Remembrance Day

The poppy.  The two-minute silence.  The Eleventh Hour of the Eleventh Day of the Eleventh Month.  These are words and images familiar to anyone from, or living in, the UK.

I, however, live in Germany.  Yesterday, with less than a week’s notice, as church warden, I had to step in and lead our church’s Remembrance Day service.

Here we also call it Peace Sunday, because we in our church need to emphasise the service is not about celebrating victory, but about remembering those who gave their lives in conflict, and also about praying for peace between nations.

As warden, my usual task in this service is just to:

  • Lay a wreath
  • Find a German/young person/woman to lay the other

For yesterday I had to:

  • Look through the service sheet
  • Liaise with the preacher
  • Do a dry run
  • Check timings
  • Explain to the wreath layer the context of the service and wreath laying
  • Find a replacement for me to sit in Sunday school
  • Much, much more

In the days before the service, I practise my lines.

Sunday turns up.  I stand at the lectern.  I have been to the loo three times with pre-lectern nerves.

10:45 on the dot.  We start.  I read verbatim from my notes.  I want to get it right.

10:54 We reach the point where we lay the wreaths.  We are meant to start the silence at 11:00.  No way can I pad out the service till 11:00.  I make a decision on the ground.  I signal that we start tne 2-minute silence.

The silence seems to last two hours.  Everyone keeps the silence immaculately.  My blood pressure is lowered.

I thank my wreath layer and return to the lectern to continue the service.

More hymns.  More prayers.  I introduce the preacher, a USAF veteran.  He preaches.  And preaches.  It’s a hum-dinger, forty minutes long, but engaging and thought-provoking.  I then look for our intercessions person.  He is AWOL: “absent without leave.”  I had anticipated that eventuality.  Time for ACTS.

  • Adoration
  • Confession
  • Thanks
  • Supplication

I pray.  We all pray. As I pray for peace, I hesitate for a second or two as I look at members of congregation who come from war zone countries in the Middle East, Asia and Africa.  I lick my lips and take a sharp intake of breath, thinking of what these people must have gone through.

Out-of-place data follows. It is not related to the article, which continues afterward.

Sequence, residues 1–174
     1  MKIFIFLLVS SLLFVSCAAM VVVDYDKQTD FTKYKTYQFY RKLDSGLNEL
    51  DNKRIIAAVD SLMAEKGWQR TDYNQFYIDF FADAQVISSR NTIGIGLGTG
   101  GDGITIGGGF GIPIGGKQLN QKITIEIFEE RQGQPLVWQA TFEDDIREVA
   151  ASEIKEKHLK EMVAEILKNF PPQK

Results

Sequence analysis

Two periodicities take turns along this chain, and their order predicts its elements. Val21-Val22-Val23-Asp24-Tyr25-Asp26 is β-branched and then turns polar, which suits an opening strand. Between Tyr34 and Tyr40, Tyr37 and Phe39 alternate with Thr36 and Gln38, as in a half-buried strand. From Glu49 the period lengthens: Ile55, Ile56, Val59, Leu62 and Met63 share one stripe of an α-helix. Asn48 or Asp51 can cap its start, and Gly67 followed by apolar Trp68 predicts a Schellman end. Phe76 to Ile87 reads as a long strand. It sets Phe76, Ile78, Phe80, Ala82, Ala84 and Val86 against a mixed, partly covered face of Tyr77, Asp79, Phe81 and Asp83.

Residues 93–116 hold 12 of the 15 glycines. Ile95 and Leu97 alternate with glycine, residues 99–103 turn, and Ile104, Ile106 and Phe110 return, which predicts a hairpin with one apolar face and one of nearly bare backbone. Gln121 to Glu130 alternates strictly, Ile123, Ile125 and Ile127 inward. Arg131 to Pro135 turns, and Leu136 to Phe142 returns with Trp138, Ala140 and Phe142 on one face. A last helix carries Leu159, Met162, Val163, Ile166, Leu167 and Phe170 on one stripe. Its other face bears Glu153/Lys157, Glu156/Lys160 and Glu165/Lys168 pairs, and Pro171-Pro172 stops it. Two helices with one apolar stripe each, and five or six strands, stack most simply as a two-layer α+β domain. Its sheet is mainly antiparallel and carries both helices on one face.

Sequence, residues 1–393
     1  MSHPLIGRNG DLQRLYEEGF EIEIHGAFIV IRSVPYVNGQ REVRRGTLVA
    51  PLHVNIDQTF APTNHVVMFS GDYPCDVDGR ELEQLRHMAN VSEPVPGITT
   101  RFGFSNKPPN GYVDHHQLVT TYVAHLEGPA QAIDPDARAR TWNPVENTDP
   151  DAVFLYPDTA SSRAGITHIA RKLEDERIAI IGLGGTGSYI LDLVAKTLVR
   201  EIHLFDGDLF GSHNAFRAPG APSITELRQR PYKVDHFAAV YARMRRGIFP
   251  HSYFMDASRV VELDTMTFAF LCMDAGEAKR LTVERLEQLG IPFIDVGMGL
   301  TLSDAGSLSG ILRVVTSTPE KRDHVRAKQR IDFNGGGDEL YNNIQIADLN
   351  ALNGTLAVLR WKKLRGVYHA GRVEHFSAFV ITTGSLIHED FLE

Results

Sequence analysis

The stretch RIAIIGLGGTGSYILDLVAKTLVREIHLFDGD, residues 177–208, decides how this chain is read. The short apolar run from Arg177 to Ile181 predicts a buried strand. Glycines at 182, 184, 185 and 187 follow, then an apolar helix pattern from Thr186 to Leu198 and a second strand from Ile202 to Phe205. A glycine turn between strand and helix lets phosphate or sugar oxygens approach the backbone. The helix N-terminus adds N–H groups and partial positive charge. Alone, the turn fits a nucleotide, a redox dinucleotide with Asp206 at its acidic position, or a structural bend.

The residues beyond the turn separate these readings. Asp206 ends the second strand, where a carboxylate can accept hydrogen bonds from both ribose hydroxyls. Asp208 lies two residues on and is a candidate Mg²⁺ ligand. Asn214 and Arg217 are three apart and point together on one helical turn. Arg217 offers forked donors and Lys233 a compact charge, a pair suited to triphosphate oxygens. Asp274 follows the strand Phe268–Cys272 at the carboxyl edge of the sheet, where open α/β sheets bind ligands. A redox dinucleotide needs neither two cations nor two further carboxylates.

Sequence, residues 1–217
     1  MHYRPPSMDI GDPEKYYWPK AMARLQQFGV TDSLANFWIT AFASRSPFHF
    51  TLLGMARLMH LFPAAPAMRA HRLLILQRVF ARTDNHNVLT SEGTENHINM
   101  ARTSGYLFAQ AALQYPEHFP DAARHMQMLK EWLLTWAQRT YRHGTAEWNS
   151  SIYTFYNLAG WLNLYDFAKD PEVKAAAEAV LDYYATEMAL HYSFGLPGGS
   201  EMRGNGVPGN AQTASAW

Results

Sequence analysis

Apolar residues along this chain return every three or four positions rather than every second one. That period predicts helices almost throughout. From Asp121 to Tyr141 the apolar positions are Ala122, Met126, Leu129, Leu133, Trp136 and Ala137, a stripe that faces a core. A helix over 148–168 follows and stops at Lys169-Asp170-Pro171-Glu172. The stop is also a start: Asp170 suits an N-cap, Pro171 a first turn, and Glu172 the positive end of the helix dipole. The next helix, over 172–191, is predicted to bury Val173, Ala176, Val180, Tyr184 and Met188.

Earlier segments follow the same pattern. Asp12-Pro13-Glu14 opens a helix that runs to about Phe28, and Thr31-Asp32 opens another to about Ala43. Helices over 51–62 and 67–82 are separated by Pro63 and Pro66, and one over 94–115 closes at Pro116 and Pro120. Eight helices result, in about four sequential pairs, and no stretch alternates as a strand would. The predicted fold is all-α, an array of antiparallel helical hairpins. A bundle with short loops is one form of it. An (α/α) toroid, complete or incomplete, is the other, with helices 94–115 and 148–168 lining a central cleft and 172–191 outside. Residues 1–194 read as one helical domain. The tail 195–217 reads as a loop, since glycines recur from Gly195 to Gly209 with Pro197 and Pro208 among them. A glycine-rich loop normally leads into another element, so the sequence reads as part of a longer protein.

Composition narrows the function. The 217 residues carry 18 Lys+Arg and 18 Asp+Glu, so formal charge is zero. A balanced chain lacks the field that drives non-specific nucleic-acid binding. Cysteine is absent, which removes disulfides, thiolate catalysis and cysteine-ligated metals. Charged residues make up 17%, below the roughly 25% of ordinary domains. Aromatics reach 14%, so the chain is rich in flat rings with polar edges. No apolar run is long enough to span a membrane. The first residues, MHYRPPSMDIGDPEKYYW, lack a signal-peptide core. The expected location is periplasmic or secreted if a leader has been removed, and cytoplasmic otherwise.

Fast forward.  Just before 13:00 the service ends with the Grace and notices.

I give thanks to God for a another dignified Remembrance/Peace Sunday service.  The congregation files out to refreshments in the church hall.  I even get compliments on my suit and on how I led the service.  I am truly flattered.  It was a team effort:

  • Leader
  • Chaplain briefing
  • Musicians
  • Sidespersons
  • A patient congregation

After shaking lots of hands and being asked in the absence of “the priest” if I can provide a visitor with some “holy water.”  Answer: er, no, I can’t, and anyway, as far as I am concerned, all water is holy.  That would be an ecumenical question.

13:00 Everyone has been fed and watered.  I breathe a sigh of relief that all went well.

Have a dignified day, won’t you!

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Please call the church warden on…

The vicar is away for several weeks’ holidays.  That means anyone phoning the vicarage with queries is asked to phone me as church warden.  I don’t mind.  Happy to help.  Variety is the spice of life, and I get a wide variety of calls.

First call of the hols – yesterday

Unknown mobile, a lady’s voice:

Hallo.  Do you spik Englisch or Cherman?

G in G:

Würden Sie lieber auf Deutsch reden?

WE speak in German.  The caller is one of the local undertakers.  An English lady has recently died.  As she’s not Catholic, the local Catholic priest won’t bury her.  Can the Anglican priest come to … Cemetery this Friday and bury her ashes in an urn?

G in G:

No.  He’s on holiday abroad this month.  How urgent is it?

Untertaker:

It’s not urgent.  Her ashes are in an urn.

A very practical, German answer.

I email the vicar and cc: the undertaker to assess next steps.

Today the untertaker writes back to advise the local Catholic priest will, after all, bury the English lady’s ashes.  Very kind of him.